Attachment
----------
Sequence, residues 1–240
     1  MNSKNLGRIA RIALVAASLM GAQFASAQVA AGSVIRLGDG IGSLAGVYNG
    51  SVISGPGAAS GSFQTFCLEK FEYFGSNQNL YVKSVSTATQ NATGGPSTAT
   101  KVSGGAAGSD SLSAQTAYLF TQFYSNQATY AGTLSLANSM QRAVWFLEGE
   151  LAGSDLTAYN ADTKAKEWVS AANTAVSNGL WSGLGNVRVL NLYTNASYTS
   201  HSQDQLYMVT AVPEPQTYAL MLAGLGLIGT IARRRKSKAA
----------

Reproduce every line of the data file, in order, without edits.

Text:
Sequence, residues 1–240
     1  MNSKNLGRIA RIALVAASLM GAQFASAQVA AGSVIRLGDG IGSLAGVYNG
    51  SVISGPGAAS GSFQTFCLEK FEYFGSNQNL YVKSVSTATQ NATGGPSTAT
   101  KVSGGAAGSD SLSAQTAYLF TQFYSNQATY AGTLSLANSM QRAVWFLEGE
   151  LAGSDLTAYN ADTKAKEWVS AANTAVSNGL WSGLGNVRVL NLYTNASYTS
   201  HSQDQLYMVT AVPEPQTYAL MLAGLGLIGT IARRRKSKAA